Nalin still has to remember when she tends to put a task on her own to-do list that she should instead write it on the Trello board for her VA. "And so it's a constant struggle in which I'm not perfect. I still have problems with it."

What success looks like

Nalin recently read a book called Paul Jarvis' Company of One that encourages entrepreneurs to consider whether growth is the best or the only way to succeed.

"(The book) really impressed me because it really redefines what success is and what it means, and introduces the concept of" enough "as an entrepreneur, so to speak. A lot of people think, okay, if I spend more time, I'll make more money, you know, and I'll build it, and I'll do it, and I'll have an eight-figure deal. ”

Reading Company of One helped Nalin come to a simple conclusion: “This is not me. I wouldn't want that. And what I want in life is success, but in a very different way that culture doesn't really talk about – US culture, entrepreneurial culture doesn't really talk about it. "

The book "really opened my eyes to another world of what entrepreneurship can be."

This insight is in line with the understanding that building a successful business doesn't have to mean outperforming the competition.

Nalin played competitive sports and college rugby throughout high school. "I've been out there all my life trying to" get "people. I was a competitive person. And when it comes to business, I also had to be competitive. I have to win."

Crowdfunding is a huge, multi-billion dollar industry, and Nalin didn't have to look far to find others who stand out and get part of the action.

“There is a lot of competition. There are tons of agencies. There are tons of consultants. "

And so she initially operated with the attitude "Oh no, everyone is a competitor". But gradually she began to question this caution.

“After a while I got the feeling: why? Because I see you doing something, but it's not the way I do it. “In early 2019, she decided to connect with the competition rather than fear it.

And since then it has been “so much fun. I address everyone because everyone has a different system. They have a slightly different niche ”, regardless of whether it is hardware products, comics or social non-profit organizations.

"It just opened a whole new door." Many of their unique competitors are "now like friends", and some of them even regularly share guest posts on their blog.

"So the plan is not to take over the world. The plan is to only help people who resonate with me. And wake up and enjoy that."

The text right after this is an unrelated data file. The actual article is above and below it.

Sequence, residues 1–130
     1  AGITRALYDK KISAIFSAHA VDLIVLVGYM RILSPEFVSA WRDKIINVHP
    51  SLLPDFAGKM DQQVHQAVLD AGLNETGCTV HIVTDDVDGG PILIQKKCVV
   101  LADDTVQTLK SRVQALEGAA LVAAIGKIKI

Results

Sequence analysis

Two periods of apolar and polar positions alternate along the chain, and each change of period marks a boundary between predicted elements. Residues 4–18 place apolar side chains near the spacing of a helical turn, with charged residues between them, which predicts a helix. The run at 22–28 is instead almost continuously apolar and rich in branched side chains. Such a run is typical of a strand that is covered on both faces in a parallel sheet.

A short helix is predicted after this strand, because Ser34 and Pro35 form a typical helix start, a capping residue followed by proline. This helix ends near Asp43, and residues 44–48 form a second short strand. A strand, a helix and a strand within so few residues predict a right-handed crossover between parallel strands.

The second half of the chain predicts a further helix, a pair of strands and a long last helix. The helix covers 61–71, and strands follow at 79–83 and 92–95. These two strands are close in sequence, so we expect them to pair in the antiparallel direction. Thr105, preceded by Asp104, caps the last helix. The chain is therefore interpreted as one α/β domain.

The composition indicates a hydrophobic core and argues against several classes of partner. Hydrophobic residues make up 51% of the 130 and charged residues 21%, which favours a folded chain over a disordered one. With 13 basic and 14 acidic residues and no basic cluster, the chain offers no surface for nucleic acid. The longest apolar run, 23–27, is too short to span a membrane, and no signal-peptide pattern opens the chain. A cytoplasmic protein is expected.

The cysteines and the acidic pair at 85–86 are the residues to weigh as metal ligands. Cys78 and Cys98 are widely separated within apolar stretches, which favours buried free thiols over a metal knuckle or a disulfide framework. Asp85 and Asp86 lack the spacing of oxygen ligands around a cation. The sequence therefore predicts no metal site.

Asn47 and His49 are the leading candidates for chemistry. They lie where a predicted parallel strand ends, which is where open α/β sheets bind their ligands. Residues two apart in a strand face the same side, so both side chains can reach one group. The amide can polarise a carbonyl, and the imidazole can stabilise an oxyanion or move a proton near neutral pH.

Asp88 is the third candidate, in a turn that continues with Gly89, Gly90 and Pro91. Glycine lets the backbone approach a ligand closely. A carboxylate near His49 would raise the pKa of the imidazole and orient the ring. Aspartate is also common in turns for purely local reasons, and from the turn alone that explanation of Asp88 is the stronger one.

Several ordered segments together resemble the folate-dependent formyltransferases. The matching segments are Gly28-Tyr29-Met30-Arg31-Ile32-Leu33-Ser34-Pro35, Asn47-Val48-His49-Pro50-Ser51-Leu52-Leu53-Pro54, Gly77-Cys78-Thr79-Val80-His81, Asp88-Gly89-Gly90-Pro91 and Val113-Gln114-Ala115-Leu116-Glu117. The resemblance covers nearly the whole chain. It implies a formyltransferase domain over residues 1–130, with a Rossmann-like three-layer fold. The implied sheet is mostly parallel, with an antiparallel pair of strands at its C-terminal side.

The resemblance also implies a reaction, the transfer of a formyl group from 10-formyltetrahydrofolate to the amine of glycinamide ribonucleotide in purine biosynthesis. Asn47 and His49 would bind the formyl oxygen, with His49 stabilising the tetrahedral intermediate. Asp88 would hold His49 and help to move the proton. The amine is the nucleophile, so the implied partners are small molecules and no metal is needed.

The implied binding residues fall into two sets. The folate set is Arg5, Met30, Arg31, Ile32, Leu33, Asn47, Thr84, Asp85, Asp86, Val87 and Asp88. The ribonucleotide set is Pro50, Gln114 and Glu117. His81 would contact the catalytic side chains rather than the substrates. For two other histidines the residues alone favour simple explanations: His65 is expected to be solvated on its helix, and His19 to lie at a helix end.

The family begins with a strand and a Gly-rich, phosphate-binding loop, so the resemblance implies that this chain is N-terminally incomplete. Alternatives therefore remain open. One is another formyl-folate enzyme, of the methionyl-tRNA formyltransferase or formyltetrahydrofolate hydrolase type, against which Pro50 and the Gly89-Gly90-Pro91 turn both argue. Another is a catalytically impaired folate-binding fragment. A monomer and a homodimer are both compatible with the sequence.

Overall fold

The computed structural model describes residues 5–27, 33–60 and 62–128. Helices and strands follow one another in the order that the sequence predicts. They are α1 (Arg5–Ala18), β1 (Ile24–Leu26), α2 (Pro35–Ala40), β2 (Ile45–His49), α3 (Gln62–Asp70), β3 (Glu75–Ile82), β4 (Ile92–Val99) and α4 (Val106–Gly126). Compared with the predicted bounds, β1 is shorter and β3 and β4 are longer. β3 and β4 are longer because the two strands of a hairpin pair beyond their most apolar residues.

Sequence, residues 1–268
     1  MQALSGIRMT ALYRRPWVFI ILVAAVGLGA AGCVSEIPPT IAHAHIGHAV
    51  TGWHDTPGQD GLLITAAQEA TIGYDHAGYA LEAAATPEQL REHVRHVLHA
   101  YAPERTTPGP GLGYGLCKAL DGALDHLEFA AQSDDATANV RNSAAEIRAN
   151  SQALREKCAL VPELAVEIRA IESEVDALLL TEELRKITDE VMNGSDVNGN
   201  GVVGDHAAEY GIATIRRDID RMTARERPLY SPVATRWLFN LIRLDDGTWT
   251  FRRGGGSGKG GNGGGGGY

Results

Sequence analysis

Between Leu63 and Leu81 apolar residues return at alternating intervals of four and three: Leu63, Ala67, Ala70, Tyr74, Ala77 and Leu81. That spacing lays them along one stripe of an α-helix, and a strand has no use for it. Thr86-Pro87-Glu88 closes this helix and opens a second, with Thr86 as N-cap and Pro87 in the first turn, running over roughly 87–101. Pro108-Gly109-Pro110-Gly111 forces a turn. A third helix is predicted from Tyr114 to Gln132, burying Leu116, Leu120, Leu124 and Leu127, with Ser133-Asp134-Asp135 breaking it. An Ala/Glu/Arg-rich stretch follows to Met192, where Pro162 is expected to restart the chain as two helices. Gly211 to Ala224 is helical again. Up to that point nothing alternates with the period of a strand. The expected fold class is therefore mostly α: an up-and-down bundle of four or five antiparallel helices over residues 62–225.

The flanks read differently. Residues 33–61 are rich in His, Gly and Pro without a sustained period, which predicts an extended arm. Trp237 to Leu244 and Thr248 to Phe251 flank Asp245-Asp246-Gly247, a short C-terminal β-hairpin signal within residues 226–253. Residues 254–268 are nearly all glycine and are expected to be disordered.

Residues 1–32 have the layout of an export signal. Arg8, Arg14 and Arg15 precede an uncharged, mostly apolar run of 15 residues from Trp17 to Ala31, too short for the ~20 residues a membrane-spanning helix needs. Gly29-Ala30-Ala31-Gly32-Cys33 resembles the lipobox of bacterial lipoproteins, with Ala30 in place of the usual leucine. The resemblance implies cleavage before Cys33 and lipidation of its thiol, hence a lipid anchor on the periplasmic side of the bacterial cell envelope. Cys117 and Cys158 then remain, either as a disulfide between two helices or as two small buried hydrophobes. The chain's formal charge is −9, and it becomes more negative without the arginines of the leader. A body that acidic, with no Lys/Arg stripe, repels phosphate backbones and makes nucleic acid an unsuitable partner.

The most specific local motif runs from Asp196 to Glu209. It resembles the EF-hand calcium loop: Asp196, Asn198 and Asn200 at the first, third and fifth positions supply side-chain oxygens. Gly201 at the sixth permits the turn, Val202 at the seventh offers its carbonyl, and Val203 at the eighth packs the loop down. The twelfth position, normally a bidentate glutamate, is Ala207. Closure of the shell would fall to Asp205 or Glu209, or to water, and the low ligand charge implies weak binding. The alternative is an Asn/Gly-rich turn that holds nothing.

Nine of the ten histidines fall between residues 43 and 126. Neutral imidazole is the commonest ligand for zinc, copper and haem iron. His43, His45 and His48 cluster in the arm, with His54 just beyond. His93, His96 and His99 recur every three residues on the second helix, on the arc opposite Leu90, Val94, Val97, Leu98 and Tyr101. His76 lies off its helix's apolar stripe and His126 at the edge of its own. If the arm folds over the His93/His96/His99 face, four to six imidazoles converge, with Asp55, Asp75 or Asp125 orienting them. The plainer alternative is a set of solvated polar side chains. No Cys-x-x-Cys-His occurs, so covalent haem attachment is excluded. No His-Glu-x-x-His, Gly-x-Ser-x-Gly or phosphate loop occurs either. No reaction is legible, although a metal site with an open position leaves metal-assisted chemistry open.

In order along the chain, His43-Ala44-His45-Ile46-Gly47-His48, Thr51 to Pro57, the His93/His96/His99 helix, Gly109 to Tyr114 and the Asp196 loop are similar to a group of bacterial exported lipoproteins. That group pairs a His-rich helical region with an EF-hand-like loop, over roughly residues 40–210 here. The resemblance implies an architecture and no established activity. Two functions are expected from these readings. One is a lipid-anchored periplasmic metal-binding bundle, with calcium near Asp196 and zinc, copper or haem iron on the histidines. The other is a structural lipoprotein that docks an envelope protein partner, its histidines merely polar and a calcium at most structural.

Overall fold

What it is about

Nalin loves the time and freedom that entrepreneurship – and especially working with a team that can take things off her plate – has given her back. She and her partner are thinking about starting their own family soon, and she knows that if this happens, time will be even more valuable.

"So success for me? I don't think it's IPOs. I don't think it's more money, more success. I think it is for myself to find that sweet spot where I can wake up and work on products that I love. I can have a team and my team likes to do what they do and they can support themselves and their families. "

"And only being able to have time for myself and my family, because why are we here in the end?"

Nalin and her partner Anna

In December 2004, Nalin and her nuclear family sat on a boat in the waters off the coast of Thailand, hanging out and snorkeling. They were also on the path of the deadliest tsunami in recorded history.

Fortunately, they all survived, but they were not intact. Nalin's mother was seriously injured on the right arm and Nalin had to undergo several operations. After the ordeal, they spent "literally as a family together in a room every few weeks, pretty much healing from our scars and just talking …".

"I really had to think about what's important. It has strengthened us as a family and somehow the idea that family is what it's about is strengthened. "

About Nalin

Nalin Chuapetcharasopon helps people launch Kickstarter and Indiegogo products. Since 2015, she's been working with entrepreneurs and businesses to raise millions of dollars. As the founder of Crush Crowdfunding, she offers No-BS strategies, marketing resources and campaign tactics to bring products to the market and finance them. With a double master's degree from Stanford University and the University of Virginia, Nalin uses her interdisciplinary skills to make the best products and market them to the right people. She is deeply excited about giving entrepreneurs the opportunity to make their dreams come true. In her free time, you can find her on the soccer field, try beer or play board games.